Charles Schwab: On the MarketPosted: 12/8/2017 4:15 PM EST
Stocks Extend Recent Gains
The Dow Jones Industrial Average (DJIA) increased 119 points (0.5%) to 24,329, the S&P 500 Index was 15 points (0.6%) higher at 2,651, and the Nasdaq Composite advanced 27 points (0.4%) to 6,840. In moderate volume, 740 million shares were traded on the NYSE and 1.8 billion shares changed hands on the Nasdaq. WTI crude oil increased $0.67 to $57.36 per barrel and wholesale gasoline gained $0.02 to $1.72 per gallon. Elsewhere, the Bloomberg gold spot price moved $0.71 higher to $1,247.93 per ounce, and the Dollar Index—a comparison of the U.S. dollar to six major world currencies—was 0.1% higher at 93.90. Markets were mixed for the week, as the DJIA and the S&P 500 Index increased 0.4% and the Nasdaq Composite declined 0.1%.
United Continental Holdings Inc. (UAL $64) increased its Q4 passenger revenue outlook after reporting a 5.1% increase in November traffic, and it announced a new $3 billion share repurchase program. Shares traded higher.
Western Digital Corp. (WDC $81) is gained solid ground amid media reports that the company and Toshiba Corp. (TOSYY $16) have reached a deal in principle to settle their chip dispute and could announce a formal agreement next week. Neither company commented on the report.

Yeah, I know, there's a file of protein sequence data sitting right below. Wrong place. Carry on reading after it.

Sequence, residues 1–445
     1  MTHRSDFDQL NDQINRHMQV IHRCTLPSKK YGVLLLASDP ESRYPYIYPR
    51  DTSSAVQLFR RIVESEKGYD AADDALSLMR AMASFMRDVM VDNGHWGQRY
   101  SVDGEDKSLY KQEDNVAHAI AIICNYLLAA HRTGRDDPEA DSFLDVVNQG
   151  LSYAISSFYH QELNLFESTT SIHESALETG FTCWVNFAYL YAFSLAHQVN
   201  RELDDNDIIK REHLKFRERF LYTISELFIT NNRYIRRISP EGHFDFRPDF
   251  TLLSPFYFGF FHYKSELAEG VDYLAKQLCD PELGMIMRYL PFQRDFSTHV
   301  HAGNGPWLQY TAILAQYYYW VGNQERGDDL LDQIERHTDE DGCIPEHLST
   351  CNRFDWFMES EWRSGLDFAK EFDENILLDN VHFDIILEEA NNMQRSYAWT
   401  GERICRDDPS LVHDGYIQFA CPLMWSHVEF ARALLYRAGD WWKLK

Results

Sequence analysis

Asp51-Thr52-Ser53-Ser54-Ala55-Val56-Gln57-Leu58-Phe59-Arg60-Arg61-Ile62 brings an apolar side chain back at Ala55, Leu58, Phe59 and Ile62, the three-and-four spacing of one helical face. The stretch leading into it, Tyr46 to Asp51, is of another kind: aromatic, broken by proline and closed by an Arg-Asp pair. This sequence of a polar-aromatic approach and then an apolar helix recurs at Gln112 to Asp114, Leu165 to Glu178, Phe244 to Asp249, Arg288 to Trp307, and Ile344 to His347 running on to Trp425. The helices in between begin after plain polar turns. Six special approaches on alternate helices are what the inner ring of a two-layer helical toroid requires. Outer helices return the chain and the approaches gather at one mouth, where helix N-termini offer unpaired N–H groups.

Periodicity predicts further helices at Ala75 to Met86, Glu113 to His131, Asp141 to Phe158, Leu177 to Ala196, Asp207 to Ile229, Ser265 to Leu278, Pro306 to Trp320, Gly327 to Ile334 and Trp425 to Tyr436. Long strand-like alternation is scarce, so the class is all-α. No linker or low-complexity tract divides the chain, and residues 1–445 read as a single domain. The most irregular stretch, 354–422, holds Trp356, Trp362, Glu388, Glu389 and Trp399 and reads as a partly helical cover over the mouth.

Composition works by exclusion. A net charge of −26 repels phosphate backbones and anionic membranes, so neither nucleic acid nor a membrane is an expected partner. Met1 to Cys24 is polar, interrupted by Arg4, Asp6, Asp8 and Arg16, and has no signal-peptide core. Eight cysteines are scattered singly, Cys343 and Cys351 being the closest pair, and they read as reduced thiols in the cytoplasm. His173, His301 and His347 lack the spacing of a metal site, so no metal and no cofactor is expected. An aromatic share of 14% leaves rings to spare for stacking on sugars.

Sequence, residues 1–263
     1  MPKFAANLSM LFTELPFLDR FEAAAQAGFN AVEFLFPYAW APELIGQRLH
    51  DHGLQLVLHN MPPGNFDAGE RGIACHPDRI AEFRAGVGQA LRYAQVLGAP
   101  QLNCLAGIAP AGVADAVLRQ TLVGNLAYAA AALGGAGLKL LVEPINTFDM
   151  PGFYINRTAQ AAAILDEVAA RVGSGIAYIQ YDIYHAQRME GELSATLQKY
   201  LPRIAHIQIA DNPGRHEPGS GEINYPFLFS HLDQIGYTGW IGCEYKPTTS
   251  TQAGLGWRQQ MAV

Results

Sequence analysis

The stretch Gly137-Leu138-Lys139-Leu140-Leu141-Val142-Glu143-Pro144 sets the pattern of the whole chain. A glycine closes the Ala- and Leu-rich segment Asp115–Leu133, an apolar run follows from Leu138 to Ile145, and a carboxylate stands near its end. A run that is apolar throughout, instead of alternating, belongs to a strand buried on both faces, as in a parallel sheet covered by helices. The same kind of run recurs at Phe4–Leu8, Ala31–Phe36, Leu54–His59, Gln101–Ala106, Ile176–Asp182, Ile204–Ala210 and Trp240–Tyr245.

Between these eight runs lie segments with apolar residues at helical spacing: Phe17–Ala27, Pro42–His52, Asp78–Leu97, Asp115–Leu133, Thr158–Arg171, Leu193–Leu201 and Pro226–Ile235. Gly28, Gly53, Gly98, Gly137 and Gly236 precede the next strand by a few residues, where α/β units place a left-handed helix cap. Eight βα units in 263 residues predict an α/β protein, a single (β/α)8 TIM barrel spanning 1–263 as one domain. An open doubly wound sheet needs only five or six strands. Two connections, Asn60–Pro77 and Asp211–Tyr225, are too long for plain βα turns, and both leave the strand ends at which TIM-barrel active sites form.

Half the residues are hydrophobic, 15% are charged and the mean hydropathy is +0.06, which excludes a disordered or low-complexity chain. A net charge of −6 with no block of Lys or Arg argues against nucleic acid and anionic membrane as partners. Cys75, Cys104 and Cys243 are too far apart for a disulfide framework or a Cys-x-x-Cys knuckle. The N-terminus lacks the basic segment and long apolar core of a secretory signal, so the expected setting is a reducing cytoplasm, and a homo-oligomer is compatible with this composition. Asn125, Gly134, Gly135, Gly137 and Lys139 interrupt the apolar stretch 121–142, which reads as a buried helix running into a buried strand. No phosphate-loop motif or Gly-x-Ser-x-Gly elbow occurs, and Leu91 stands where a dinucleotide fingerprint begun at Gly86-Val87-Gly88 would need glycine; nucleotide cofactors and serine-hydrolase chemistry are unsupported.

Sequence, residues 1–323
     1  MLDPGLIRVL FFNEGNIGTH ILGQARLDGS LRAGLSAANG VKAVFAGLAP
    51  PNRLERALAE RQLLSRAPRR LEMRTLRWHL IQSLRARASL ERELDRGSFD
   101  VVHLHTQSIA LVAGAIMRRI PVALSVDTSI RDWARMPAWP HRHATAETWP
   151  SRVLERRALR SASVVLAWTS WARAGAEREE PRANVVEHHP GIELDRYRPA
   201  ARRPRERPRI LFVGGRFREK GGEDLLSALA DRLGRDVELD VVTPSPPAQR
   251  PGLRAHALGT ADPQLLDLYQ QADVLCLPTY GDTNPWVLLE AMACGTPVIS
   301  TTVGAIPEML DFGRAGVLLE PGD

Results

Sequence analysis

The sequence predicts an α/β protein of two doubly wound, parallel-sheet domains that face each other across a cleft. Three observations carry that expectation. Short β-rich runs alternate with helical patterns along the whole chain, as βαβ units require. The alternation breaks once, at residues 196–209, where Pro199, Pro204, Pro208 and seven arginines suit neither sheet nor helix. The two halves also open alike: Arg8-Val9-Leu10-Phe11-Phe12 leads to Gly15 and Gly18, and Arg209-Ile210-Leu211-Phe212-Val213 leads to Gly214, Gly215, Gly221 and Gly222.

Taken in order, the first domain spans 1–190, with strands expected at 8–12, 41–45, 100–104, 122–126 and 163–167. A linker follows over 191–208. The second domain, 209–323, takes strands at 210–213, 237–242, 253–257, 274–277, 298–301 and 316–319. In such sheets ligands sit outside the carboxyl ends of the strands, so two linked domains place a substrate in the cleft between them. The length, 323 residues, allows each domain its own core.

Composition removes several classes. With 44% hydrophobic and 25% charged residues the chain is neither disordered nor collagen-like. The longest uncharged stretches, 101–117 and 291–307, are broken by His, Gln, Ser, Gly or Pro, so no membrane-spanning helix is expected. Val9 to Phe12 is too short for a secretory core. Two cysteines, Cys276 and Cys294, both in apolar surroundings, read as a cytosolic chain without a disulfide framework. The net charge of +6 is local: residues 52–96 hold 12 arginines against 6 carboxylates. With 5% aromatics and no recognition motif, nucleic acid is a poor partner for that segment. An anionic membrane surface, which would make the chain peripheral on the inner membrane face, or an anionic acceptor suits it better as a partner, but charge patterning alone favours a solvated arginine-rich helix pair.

Cooper Companies Inc. (COO $227) reported fiscal Q4 earnings-per-share (EPS) of $1.78, or $2.65 ex-items, versus the $2.64 FactSet estimate, with revenues rising 8.0% year-over-year (y/y) to $562 million, above the projected $559 million. The medical device company issued 2018 EPS guidance that had a midpoint below expectations. Shares finished solidly lower.
November labor report shows job growth tops forecasts, consumer sentiment slips
Nonfarm payrolls (chart) rose by 228,000 jobs month-over-month (m/m) in November, compared to the Bloomberg forecast of a 195,000 increase. The rise of 261,000 seen in October was revised to a gain of 244,000 jobs. The total upward revision to the job gains in October and September was 3,000.
Excluding government hiring and firing, private sector payrolls increased by 221,000, versus the forecasted gain of 195,000, after rising by 247,000 in October, revised from the 252,000 increase that was initially reported. The Department of Labor said employment continued to trend up in professional and business services, manufacturing and healthcare.